Adult nursing student no longer putting her dreams on hold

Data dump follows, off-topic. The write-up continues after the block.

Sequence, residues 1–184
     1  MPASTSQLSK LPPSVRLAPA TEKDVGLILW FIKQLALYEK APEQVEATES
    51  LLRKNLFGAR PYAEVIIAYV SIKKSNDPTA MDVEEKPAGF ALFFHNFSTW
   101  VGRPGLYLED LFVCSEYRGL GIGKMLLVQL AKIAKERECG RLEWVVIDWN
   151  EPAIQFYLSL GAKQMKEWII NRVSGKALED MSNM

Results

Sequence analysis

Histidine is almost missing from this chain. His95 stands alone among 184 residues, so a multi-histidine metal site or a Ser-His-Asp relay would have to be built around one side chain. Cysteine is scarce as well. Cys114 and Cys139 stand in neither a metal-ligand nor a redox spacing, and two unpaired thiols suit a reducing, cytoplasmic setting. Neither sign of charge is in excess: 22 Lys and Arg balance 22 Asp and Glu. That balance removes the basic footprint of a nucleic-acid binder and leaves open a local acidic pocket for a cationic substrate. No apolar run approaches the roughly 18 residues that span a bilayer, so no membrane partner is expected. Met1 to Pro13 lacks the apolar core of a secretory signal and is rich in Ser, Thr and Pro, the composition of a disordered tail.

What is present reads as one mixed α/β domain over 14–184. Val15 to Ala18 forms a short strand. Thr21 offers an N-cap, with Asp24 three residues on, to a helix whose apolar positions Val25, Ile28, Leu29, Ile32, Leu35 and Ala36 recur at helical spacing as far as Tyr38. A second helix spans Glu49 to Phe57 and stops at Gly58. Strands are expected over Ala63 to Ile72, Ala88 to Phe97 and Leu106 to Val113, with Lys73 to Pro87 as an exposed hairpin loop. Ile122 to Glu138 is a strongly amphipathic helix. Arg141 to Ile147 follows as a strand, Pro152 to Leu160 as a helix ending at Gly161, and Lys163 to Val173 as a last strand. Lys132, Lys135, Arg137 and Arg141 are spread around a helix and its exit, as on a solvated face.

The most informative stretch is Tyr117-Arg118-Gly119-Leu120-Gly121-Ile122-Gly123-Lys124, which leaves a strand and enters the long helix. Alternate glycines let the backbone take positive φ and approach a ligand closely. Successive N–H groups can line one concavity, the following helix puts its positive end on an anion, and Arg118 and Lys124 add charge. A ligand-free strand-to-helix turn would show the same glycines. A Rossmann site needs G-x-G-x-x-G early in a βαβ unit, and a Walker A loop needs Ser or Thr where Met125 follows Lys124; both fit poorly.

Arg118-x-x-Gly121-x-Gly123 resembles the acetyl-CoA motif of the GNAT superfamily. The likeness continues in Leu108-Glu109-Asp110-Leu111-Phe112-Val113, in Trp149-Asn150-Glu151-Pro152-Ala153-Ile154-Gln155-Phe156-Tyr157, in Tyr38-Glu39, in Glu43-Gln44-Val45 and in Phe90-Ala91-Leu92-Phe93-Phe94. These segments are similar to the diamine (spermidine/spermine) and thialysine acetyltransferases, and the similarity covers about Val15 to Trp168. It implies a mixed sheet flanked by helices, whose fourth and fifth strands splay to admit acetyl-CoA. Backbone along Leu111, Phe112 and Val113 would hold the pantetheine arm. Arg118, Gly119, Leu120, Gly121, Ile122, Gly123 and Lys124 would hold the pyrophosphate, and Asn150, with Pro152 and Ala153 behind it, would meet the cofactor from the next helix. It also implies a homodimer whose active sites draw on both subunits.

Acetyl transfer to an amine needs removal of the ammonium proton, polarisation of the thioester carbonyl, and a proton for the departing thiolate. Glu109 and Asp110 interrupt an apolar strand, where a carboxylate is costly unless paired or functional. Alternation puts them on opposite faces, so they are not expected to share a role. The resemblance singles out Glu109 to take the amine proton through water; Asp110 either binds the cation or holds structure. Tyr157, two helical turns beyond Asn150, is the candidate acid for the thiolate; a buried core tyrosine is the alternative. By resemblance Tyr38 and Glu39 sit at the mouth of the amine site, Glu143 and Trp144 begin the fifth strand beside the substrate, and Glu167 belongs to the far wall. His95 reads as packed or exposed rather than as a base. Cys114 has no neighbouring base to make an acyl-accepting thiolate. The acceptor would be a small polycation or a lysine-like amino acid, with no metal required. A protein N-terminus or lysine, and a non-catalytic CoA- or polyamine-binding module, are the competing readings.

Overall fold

ai Younger ’17 has dreamed of becoming a nurse or a doctor since she was six. But Kai, who is 41, has seen her dream deferred multiple times starting when she was 15 and her mother died of cancer, leaving Kai and her five siblings to struggle to remain together. She attempted college but became a medical assistant, a job she had for 16 years before being diagnosed with chronic pancreatitis. She endured more than a dozen surgeries and was out of work during her illness, losing everything. When asked how she was feeling, she cheerfully said, “Every day I’m alive is a good day. That is why I am such a go-getter. Life is short.” No longer delaying her dream, Kai is expected to graduate with her nursing degree in the fall of 2017, becoming her family’s first college graduate. Kai said living on her income from a part-time job doing hemodialysis at VA Medical Center while paying tuition is tremendously hard. She’s grateful to have received the Lynda Sacco Joseph Nursing Scholarship and thankful to the donors who created it. “Thank you for the opportunity to live out that dream, to allow me to aspire to be what I always felt I could be. Without the help of people like them, it wouldn’t happen or it would be more of a struggle for me, and I am grateful for them easing the burden off me.” Kai had been working to create an organization supporting minority nursing students at URI that would foster health promotion and education for underrepresented minorities. But her efforts were put on the backburner when her 12-year-old nephew was diagnosed with aggressive bone cancer. He is undergoing treatment at Dana Farber and her nurturing instincts will serve her well as she works with URI Nursing to plan a bone marrow drive in the hopes of finding him a matching donor.